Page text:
If we travelled to the moon again, but did so not in an effort to show up another nation, not to accomplish something grandiose, spectacular, phallic, but out of recognition that a planet will always mean something to us, and stepping beyond, reaching beyond, something too, that might well be something of real value to us. We could do so not to plant a flag on it, simply tag it, but to encounter it--that could be something beautiful, worthy of resources and support, maybe. And thinking this way, it is possible too, that reaching beyond a solar system will always means something epic to us as well, no matter how much we try to persuade ourselves that, really, you can have/live the same experience just by finally convincing yourself to leave old life habits behind you, and maybe out of respect for natural desires, we should aim out there as well.

We need to appreciate the fact that it just feels different when a human being is the one out there, rather than an instrument/robot of some kind. When a human being is out there, s/he is not one of a few: in a very real sense, we feel like we were out there too--We were in touch with something New, too. Can't be denied, I think. Scientists, objectivists, need to respect human ways of experiencing, making meaning out of, their environment. Otherwise they're just robots, technicians, drained of soul. Human being on Mars. Touching Mars' “soil.” Waving back to Earth. Waving forward, further out there. You know this could be something really great. I'll think further about this.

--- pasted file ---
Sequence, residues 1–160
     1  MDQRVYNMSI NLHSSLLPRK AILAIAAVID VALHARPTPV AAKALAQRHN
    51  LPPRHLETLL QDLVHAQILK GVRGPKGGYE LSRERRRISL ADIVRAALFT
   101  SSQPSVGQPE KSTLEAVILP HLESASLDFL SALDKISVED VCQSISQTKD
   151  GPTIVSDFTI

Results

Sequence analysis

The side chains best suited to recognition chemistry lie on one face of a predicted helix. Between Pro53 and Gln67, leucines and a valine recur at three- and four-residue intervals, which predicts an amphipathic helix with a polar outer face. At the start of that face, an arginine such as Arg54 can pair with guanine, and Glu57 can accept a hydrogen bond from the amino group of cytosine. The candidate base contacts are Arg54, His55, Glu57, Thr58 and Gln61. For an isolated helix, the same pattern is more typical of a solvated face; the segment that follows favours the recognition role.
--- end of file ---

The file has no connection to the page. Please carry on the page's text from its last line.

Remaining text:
Link: “Lunar Loony Tunes” (The Tyee)


Popular posts from this blog

Full conversation about "Bringing Up Baby" at the NewYorker Movie Facebook Club

Richard Brody shared a link.Moderator · November 20 at 3:38pm I'm obsessed with Bringing Up Baby, which is on TCM at 6 PM (ET). It's the first film by Howard Hawks that I ever saw, and it opened up several universes to me, cinematic and otherwise. Here's the story. I was seventeen or eighteen; I had never heard of Hawks until I read Godard's enthusiastic mention of him in one of the early critical pieces in "Godard on Godard"—he called Hawks "the greatest American artist," and this piqued my curiosity. So, the next time I was in town (I… I was out of town at college for the most part), I went to see the first Hawks film playing in a revival house, which turned out to be "Bringing Up Baby." I certainly laughed a lot (and, at a few bits, uncontrollably), but that's not all there was to it. I had never read Freud, but I had heard of Freud, and when I saw "Bringing Up Baby," its realm of symbolism made instant sense; it was obviou…

"The Zookeeper's Wife" as historical romance

A Polish zoologist and his wife maintain a zoo which is utopia, realized. The people who work there are blissfully satisfied and happy. The caged animals aren't distraught but rather, very satisfied. These animals have been very well attended to, and have developed so healthily for it that they almost seem proud to display what is distinctively excellent about them for viewers to enjoy. But there is a shadow coming--Nazis! The Nazis literally blow apart much of this happy configuration. Many of the animals die. But the zookeeper's wife is a prize any Nazi officer would covet, and the Nazi's chief zoologist is interested in claiming her for his own. So if there can be some pretence that would allow for her and her husband to keep their zoo in piece rather than be destroyed for war supplies, he's willing to concede it.

The zookeeper and his wife want to try and use their zoo to house as many Jews as they can. They approach the stately quarters of Hitler's zoologist …